Marilyn Norman Mailer (Hodder and Stoughton £4.95)
*Marilyn Monroe is forty-seven this year. Like Oscar Wilde who for years after his assumed death was seen near his favourite newspaper kiosk on Brighton prom or, according to Sturge Moore, lived on as a cave-dwelling prophet beside the Trasimenian lake, or Jim Morrison of the Doors being resuscitated with phoney passport in the American desert as recent enthusiasms would have it, or like the Fuhrer himself, Marilyn Monroe has been spotted by several people since her indecisive, barbiturate (enough-to-kill-her-several-timesover) demise. I have seen her. One night I saw her stumble on a stiletto in Westbourne Grove, right herself again, and click-clack round the corner. Hallucination, you say, and it is true, one is sometimes prone, a projection of a wholly inner-space interpretation on to an outer-space event. Which not only defines an hallucination but ontology itself. Let us. merely say that the matter is not closed., Books like this one charge that matter with plastic, soporific electricity, and, in Mailer's case, with a prose whose fatty metaphors decorate the Page like swags of half-erect pudenda, twinges of positive stringency here and there.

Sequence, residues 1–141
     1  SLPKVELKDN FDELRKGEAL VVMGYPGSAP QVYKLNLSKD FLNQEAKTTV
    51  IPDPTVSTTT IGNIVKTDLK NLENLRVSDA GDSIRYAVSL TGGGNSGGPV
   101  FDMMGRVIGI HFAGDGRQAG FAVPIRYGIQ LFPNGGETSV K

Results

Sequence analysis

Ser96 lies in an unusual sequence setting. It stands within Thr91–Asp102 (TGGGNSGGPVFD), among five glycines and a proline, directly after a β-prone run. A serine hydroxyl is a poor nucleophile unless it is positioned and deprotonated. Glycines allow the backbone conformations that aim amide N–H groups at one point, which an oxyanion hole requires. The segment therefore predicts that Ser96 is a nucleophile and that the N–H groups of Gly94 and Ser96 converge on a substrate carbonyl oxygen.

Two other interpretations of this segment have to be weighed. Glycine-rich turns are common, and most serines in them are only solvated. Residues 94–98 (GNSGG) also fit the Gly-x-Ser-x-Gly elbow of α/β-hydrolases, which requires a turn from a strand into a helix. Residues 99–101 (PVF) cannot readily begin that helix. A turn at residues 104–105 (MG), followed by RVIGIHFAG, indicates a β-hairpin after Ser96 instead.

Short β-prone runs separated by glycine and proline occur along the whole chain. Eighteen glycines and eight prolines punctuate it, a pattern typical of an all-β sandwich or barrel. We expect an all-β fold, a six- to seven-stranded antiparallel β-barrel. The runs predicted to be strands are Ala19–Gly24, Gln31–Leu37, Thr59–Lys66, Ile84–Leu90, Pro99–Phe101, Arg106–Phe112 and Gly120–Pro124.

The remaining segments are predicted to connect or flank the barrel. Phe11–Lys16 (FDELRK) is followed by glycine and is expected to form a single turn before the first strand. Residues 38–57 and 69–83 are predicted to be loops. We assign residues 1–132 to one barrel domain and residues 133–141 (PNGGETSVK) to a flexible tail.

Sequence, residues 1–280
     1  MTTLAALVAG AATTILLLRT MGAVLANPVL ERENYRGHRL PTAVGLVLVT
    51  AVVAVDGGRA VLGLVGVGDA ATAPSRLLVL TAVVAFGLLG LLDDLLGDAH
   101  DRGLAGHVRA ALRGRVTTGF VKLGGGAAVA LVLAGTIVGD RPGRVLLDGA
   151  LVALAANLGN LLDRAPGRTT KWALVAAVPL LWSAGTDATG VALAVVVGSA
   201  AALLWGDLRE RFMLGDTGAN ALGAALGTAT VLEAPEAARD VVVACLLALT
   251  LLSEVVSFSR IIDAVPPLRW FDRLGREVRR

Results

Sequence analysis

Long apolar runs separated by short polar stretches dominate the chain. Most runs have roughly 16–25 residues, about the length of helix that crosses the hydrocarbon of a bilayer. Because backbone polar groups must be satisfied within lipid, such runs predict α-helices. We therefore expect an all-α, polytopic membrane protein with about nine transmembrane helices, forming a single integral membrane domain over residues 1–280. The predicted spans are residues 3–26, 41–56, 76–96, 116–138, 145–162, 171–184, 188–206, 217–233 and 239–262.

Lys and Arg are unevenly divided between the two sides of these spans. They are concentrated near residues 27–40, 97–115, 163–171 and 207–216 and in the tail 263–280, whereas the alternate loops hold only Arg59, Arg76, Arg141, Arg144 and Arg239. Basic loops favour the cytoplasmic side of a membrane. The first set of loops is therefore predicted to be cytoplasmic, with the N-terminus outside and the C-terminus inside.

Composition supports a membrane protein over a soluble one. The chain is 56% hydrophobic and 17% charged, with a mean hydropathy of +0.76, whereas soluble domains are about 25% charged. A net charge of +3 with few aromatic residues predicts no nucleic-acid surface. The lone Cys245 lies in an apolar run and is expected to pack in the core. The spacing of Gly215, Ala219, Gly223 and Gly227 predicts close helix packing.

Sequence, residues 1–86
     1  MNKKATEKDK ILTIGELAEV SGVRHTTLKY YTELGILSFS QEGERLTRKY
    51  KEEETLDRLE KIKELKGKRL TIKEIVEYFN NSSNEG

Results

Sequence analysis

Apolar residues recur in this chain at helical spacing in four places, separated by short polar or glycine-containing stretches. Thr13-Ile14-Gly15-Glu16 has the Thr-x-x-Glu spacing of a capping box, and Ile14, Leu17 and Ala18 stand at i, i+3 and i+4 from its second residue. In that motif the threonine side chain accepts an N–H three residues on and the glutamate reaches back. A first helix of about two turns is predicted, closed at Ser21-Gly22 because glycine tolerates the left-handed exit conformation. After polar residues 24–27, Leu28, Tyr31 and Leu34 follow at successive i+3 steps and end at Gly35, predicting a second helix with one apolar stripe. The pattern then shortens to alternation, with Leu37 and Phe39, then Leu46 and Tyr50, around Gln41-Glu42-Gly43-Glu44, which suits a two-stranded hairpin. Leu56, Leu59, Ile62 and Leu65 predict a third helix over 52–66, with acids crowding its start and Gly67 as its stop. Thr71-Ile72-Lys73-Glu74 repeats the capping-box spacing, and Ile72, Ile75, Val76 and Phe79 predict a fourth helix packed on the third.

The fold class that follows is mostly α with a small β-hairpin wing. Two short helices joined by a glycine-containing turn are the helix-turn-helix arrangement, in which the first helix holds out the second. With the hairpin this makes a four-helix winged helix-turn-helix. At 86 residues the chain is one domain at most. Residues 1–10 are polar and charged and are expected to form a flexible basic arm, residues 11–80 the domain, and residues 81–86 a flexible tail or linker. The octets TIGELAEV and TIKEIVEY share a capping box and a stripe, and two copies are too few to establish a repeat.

When the adieu is unnatural or obfuscated, people do grudge their epic figures death. The conceptual sinews remain, flex, and life continues to feed into the image. The secondary nature of all but direct experience can permit credence to the grossest flights of fancy. When the figure has been recently lost, thus still pail of the direct experience of those more conventionally alive (and Monroe on film is the most direct experience she offered, as her search for identity resolved itself in an affirmation of pure presence), then the reconstruction can become rumour and even reality. As Norma Jean became Miss Monroe, America's perfect sex goddess being both available and strangely incorruptible. (somehow her virginity was preserved by transferring it from the maidenhead to her inability to seed: children would have flawed the enigmatic centre, the isolation of the phantasm), so she was the product of a collective imagination in whose collective grief she ,might be reborn. Like all great female stars, and some male ones, she arrived complete. Her intellect may have developed and her body alter but her personality did not grow. When you are the distillation of an essence you are also beyond time, immutable despite the beating of the small heart within. In her last Life interview she was to say with a shrewdness which surprises us many times, "My work is the only ground I've ever had to stand on ... To put it bluntly, I seem to have a whole superstructure with no foundation." The theory supports me. Am I the only one to encounter the manifestation?